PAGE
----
Evaluating Laminate Floors

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Since the introduction of laminate flooring into the US in 1982, the sector has experienced growth of up to 20% per annum at the expense of other floor types, making laminate the fastest growing floor type in the country.

The appeal lies not only in its aesthetic value of its representation of real hardwood, but also due to its incredible durability and ease of maintenance.

The following factors will help you evaluate different brands and styles of laminate flooring in order to determine which laminate floor best suites your application.

Laminate floors are constructed using two different methods of manufacture: Direct Pressure Laminate (DPL) and High Pressure Laminate (HPL).

Direct pressure laminate is made up of three layers, while a High Pressure Laminate is made up of a minimum of five layers.

Is one better than the other? Yes.

HPL is a far superior product.

The addition of Phenolic Treated Kraft Sheets make the HPL a far stronger, more dent resistant and stable product.

The catch is that they come with a higher price tag.

Do you need HPL in your home? No.

Most laminate floors sold in the US are (DPL) and are built for today’s active households.

However if you are looking for a floor that will withstand the vigour of small children and large pets and still look good in 15 years time, then High Pressure Laminate is a good alternative.

Laminate cores range in thickness from 6mm to 12mm, with a thicker core usually denoting a more stable product.

The only exception to this rule is High Pressure Laminate (HPL), which although has a much thinner core compared to (DPL), is stronger and more durable.

Composition of core material is also an important factor.

A good laminate floor is constructed using High density Fiberboard (HDF) as the core material, which has been treated with water repellent chemicals, offering stability and a high level of water resistance.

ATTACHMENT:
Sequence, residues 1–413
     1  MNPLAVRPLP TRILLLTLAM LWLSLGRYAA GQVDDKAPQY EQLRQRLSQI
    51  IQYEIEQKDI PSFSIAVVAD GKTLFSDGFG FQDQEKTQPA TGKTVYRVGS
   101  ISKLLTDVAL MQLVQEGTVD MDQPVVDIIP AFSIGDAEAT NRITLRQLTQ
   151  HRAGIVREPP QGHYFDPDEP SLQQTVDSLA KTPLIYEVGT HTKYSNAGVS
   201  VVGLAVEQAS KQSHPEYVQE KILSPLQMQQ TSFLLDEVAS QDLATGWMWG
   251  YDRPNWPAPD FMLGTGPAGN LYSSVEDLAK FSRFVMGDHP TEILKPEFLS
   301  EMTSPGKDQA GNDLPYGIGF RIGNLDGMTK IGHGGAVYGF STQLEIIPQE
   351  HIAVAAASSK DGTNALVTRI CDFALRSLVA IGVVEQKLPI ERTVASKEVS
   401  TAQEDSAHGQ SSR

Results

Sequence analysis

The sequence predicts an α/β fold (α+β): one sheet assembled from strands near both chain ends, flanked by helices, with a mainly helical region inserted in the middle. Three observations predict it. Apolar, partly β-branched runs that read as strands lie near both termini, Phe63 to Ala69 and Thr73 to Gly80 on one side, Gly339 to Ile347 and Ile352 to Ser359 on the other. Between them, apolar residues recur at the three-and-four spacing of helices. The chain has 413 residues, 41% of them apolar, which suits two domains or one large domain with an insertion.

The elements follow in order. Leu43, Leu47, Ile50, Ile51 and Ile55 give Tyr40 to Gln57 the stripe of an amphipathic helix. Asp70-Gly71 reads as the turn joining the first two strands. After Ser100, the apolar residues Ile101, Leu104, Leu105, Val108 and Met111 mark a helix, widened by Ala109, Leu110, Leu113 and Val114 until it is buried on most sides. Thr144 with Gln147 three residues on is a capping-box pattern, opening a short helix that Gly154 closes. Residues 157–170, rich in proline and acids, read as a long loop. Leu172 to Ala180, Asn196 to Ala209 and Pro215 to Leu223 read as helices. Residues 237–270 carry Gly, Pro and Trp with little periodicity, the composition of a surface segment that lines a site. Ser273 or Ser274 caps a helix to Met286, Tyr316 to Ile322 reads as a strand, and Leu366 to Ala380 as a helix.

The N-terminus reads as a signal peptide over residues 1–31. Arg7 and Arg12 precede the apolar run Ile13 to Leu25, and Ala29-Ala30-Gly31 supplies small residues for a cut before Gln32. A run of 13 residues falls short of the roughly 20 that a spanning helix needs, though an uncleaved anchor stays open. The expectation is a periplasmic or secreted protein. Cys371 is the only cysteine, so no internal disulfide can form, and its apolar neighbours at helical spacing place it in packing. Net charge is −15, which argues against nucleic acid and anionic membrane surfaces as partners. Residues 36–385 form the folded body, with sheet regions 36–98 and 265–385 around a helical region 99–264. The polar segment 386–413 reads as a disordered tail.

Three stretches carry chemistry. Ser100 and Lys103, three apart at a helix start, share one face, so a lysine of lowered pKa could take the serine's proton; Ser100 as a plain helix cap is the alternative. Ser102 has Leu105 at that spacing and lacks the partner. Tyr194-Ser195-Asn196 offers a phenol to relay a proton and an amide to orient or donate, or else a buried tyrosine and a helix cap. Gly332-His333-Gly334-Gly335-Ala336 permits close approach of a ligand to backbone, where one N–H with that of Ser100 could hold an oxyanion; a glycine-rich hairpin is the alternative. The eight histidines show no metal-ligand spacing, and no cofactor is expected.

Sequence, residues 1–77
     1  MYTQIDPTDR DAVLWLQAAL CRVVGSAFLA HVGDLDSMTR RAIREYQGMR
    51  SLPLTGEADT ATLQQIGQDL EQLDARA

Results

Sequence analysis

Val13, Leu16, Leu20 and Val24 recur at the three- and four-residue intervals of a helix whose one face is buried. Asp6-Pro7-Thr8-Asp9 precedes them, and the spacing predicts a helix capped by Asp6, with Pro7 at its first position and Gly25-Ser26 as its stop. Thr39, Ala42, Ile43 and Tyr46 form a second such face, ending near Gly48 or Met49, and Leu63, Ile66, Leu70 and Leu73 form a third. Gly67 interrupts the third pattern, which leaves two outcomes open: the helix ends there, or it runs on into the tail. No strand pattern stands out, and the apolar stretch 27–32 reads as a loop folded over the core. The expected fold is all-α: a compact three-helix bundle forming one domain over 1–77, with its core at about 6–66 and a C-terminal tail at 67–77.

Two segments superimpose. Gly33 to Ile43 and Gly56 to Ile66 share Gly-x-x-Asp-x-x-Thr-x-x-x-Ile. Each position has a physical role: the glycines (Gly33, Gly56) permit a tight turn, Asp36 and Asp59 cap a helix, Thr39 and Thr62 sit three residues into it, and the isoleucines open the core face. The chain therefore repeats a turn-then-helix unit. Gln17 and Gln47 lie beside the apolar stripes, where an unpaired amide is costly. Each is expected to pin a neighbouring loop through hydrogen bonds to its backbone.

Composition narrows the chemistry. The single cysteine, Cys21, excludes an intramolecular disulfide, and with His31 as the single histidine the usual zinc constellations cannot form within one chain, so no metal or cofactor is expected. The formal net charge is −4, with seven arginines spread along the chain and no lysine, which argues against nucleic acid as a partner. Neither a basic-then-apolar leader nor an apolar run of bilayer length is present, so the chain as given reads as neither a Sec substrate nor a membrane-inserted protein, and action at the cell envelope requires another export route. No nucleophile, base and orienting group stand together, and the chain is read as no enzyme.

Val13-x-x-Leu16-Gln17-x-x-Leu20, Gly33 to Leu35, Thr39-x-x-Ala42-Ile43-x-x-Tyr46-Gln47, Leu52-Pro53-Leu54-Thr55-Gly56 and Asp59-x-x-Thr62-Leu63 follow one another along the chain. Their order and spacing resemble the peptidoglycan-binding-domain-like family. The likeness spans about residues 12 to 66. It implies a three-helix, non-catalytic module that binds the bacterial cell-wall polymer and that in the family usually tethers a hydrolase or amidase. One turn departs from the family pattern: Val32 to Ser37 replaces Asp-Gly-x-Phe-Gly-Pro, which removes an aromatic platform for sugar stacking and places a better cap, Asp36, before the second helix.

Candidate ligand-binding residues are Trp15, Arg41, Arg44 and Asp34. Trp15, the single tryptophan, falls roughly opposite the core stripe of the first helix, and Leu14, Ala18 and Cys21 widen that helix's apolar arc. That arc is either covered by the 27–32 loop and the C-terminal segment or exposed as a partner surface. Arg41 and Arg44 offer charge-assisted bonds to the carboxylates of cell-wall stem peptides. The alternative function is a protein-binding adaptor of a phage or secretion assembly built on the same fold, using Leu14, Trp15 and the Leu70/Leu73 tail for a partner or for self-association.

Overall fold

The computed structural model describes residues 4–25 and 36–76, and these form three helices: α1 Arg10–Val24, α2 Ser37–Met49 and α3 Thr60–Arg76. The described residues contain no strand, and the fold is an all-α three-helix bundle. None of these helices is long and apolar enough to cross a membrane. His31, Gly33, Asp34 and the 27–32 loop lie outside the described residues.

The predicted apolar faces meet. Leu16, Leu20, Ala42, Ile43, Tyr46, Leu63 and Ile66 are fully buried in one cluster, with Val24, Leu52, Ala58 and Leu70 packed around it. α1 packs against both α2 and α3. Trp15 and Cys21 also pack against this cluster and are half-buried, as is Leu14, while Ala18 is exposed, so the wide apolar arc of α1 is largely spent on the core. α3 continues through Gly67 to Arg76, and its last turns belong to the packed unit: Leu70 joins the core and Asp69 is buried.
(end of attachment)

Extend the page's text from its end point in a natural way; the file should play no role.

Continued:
Joint integrity can be an important factor, especially when placing heavy items on your laminate floors.

Laminate floors are engineered to withstand normal day to day wear and tear and are designed to withstand the weight of normal household furniture.

If you wish to place an extra heavy item of furniture on you floors, such as a very large fish tank, you might want to consider purchasing a floor that has an aluminum locking system.

Laminate floor joints should also be treated with water repellent chemicals, such as paraffin wax, which is impregnated into the tongue and groove of the floor boards.

A good laminate warranty should cover the following aspects: Fading, Denting, Wear and Tear, Staining and should have some kind of water warranty, although keep in mind that no laminate warranty covers flooding.

Always be sure to scrutinize the duration of the different aspects of a laminate warranty, as a 25 year warranty might refer to manufacturers defects only, while the wear and tear aspect of the warranty only covers a 15 year period.

North American Laminate Flooring Association (NALFA): NALFA is the organization that sets the standards for laminate flooring in the USA.

NALFA is a non profit organization, and its members are unpaid volunteers.

Laminates submitted o NALFA undergo a range of stringent tests.

If the laminate floor meets or exceeds NALFA standards, it will earn the right to display the NALFA seal of approval.

Note that submission of laminate flooring to NALFA is voluntary.

The following laminates carry the NALFA seal of approval: Pergo, Mannington, Wilsonart.

A more complete list can be found at the NALFA website.